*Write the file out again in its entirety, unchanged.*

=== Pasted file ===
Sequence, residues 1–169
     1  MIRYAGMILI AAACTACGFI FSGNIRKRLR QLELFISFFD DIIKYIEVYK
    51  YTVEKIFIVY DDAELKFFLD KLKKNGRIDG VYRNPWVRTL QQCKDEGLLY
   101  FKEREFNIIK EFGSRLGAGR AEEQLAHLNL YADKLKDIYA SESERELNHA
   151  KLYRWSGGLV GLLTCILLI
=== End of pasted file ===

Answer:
Sequence, residues 1–169
     1  MIRYAGMILI AAACTACGFI FSGNIRKRLR QLELFISFFD DIIKYIEVYK
    51  YTVEKIFIVY DDAELKFFLD KLKKNGRIDG VYRNPWVRTL QQCKDEGLLY
   101  FKEREFNIIK EFGSRLGAGR AEEQLAHLNL YADKLKDIYA SESERELNHA
   151  KLYRWSGGLV GLLTCILLI